Frederick built a French Rococo palace, Sans Souci Palace, near Potsdam, where he lived alone and from 1747 he used that as his base. In his later years his palace resembled a vagrant's squat, ankle-deep in places in excrement provided by his pack of beloved Italian greyhounds.

HOBBIES AND INTERESTS

As Crown Prince in his leisure time, Frederick studied philosophy, history, and poetry and corresponded with the French philosophers, including Voltaire.

Frederick preferred to speak French rather than German. Despite his literary talent, Frederick had poor French grammar and spelling. He had little sympathy for the German literature of his time.

Frederick had a great fondness for music, and in particular he played the flute to a more than acceptable standard. He composed 100 sonatas for the flute as well as four symphonies.

In his first year on the throne Frederick established a court orchestra and employed Bach's son, Carl Phillip Emmanuel Bach as court harpsichordist. Two years later he provided Berlin with an opera house.

The "Hohenfriedberger Marsch", a military march, was supposedly written by Frederick to commemorate his victory in the Battle of Hohenfriedberg during the Second Silesian War.

A meeting with Johann Sebastian Bach in 1747 in Potsdam led to Bach writing "The Musical Offering."

Frederick preferred dogs to cats and was very soppy about his beloved Italian Greyhounds. He also kept a pair of whippets, which slept on his bed at night. His favorite bitch was named Pompadour after Louis XV's mistress.

His favorite lunch was spiced soup, Russian beef in brandy, Italian maize with garlic and savory eel pie.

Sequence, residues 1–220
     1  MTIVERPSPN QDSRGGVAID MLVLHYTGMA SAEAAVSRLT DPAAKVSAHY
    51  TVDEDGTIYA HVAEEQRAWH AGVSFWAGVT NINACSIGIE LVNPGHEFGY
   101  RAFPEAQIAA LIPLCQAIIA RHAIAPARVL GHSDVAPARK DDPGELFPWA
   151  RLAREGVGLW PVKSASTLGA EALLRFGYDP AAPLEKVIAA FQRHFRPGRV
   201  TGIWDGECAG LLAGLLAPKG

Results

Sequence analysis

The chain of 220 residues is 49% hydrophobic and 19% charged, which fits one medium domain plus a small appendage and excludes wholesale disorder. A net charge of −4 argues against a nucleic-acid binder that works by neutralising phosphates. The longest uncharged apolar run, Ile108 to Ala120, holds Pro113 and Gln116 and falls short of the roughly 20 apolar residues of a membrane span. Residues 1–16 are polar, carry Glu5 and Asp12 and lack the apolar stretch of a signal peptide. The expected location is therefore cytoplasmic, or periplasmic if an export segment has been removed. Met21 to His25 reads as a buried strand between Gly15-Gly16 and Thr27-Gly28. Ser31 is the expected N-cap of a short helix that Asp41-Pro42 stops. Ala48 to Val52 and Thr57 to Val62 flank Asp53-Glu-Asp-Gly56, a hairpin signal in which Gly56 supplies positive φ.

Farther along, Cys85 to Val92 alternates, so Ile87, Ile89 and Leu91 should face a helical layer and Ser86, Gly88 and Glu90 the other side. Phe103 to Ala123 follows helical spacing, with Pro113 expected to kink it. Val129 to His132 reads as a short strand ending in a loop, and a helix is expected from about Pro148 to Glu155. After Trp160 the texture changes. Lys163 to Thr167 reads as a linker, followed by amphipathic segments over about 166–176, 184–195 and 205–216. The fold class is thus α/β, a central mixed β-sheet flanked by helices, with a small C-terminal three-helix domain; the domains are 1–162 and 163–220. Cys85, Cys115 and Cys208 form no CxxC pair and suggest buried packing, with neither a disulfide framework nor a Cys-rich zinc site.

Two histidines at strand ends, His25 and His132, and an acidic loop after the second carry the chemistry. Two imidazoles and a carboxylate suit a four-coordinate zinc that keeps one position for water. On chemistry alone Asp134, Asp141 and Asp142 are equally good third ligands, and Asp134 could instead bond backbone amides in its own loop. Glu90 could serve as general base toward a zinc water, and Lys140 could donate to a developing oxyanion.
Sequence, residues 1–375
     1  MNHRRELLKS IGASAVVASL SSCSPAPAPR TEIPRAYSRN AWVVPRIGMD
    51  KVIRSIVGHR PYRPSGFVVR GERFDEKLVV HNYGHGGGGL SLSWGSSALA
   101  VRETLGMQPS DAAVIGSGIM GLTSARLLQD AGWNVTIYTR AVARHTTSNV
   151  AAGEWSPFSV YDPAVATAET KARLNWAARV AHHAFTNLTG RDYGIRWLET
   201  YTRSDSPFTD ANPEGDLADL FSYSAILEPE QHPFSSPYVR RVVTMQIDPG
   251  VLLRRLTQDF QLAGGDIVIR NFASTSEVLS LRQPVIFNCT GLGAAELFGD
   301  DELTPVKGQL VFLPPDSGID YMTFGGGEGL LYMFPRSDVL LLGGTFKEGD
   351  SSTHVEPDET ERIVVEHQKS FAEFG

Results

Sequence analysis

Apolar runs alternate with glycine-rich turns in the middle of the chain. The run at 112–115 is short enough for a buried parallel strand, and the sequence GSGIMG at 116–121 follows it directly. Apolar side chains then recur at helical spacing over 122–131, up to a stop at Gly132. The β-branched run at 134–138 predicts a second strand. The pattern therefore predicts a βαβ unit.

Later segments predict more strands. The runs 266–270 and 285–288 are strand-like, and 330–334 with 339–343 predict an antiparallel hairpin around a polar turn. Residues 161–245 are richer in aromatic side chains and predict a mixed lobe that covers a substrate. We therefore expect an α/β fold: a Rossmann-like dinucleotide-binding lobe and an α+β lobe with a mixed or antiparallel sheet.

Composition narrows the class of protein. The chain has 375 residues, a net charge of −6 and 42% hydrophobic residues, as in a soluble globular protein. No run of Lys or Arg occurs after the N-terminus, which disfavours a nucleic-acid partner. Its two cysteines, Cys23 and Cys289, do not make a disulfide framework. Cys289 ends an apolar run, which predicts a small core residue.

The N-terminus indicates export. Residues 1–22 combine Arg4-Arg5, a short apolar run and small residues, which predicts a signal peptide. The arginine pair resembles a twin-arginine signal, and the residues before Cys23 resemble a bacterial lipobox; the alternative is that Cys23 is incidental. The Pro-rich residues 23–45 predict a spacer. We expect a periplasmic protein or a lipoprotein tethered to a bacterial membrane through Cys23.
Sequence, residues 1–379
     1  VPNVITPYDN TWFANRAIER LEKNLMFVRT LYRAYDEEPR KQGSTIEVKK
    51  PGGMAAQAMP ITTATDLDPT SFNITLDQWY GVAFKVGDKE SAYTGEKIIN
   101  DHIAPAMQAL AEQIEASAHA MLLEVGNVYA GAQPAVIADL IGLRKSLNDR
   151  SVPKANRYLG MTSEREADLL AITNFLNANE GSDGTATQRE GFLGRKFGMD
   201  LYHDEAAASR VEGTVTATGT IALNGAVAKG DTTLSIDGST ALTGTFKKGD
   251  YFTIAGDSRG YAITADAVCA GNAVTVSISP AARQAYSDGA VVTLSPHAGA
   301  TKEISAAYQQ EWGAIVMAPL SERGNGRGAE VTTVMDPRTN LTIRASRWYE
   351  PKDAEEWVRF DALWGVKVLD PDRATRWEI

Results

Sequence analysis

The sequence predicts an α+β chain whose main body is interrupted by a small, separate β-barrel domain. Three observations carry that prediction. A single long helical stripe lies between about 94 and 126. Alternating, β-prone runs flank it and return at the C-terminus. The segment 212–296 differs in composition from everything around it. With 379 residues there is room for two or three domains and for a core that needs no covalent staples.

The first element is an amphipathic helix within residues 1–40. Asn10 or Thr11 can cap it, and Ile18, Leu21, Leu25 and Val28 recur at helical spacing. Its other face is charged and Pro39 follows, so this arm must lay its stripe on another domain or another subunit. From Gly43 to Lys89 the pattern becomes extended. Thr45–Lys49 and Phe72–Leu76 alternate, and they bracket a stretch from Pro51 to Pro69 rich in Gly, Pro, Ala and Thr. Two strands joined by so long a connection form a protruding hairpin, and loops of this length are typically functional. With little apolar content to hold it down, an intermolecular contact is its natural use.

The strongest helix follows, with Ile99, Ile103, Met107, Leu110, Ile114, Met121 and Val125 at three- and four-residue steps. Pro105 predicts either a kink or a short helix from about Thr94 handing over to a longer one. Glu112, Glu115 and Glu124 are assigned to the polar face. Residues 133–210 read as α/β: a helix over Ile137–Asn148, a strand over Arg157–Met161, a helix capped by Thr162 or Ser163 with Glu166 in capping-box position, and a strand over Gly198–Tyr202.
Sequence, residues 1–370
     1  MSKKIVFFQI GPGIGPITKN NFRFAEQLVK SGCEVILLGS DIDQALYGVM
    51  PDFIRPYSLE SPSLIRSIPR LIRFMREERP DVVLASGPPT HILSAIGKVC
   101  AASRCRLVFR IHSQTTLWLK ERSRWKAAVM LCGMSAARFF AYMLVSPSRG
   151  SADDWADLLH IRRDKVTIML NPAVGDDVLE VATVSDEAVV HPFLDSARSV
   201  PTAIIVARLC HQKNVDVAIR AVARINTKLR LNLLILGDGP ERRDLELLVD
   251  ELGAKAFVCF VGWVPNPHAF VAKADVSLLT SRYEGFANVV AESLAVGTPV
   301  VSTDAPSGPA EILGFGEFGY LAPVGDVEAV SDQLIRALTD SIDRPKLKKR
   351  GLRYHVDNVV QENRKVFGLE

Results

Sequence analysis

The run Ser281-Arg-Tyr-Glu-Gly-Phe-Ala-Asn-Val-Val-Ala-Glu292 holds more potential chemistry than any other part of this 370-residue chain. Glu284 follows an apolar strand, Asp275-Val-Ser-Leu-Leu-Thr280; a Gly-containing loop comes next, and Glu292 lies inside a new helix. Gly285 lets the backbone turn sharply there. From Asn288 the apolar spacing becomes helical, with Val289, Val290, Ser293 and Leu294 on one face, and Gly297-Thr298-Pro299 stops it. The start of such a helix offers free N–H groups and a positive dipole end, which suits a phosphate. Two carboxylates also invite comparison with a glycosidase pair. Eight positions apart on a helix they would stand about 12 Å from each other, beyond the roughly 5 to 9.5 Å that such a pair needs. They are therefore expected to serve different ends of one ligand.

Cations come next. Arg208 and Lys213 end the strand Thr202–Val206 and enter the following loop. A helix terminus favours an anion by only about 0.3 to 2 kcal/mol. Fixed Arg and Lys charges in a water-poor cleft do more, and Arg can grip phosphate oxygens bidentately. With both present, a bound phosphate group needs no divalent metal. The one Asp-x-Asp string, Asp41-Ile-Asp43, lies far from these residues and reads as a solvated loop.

In his last years Frederick was drinking seven or eight cups of coffee in the morning. He liked it laced with champagne, rather than water, and a spoonful of mustard.

BELIEFS

Frederick encouraged freedom of thought. “All religions,” the enlightened monarch proclaimed “must be tolerated and the state has to keep an eye that none of them shall detract from the other, for every man must get to Heaven by his own way.”

Frederick gave sanctuary to French Huguenot refugees, Jews, Jesuits and built Mosques for Turks. More than 250000 immigrants arrived in Prussia during his 46 years on the throne.

Frederick was fascinated with enlightenment philosophy, and employed controversial figures such as the philosopher Voltaire and the radical materialist La Mettrie.

The works of Niccolò Machiavelli, such as The Prince, were considered a guideline for the behavior of a king in Frederick's age. In 1739, Frederick finished his Antimachiavel, ou Examen du Prince de Machiavel, in which he opposed Machiavelli by arguing that the king should serve the state. It was published anonymously the following year.

Frederick II commented on his enlightened views “My people and I have come to an agreement, which satisfies us both. They are to say what they please and I am to do what I please.”

DEATH AND LEGACY

Frederick was said to have been once saved by a spider when it fell into his cup of poisoned chocolate while he was staying at his Sans-Souci royal palace. He called for fresh chocolate only to hear a pistol shot. The cook had been forced into poisoning his chocolate and thinking he had been found out shot himself.

Frederick died in an armchair in his study in the palace of San Souci on August 17, 1786 after taking a military review in heavy rain.

Frederick wished to be buried next to his greyhounds on the vineyard terrace at his Sans Souci palace. His nephew and successor Frederick William II instead ordered the body to be entombed next to his father in the Potsdam Garrison Church.

On the 205th anniversary of Frederick's death, on August 17, 1991,  the remains of his body was returned to a vault at Sans Souci Palace, so that Frederick would be close to his adored greyhounds.

Grave of Frederick at Sanssouci.

He was first named Frederick the Great by Thomas Carlyle in his famous six volume biography History of Friedrich II of Prussia, (1858-65, reissued in 8 vol., 1974),

Frederick's snuff box was sold for a then-world record 1,540,000 Swiss Francs in 1982 at Christies.

Sources Encyclopedia of Britannica, Food For Thought by Ed Pearce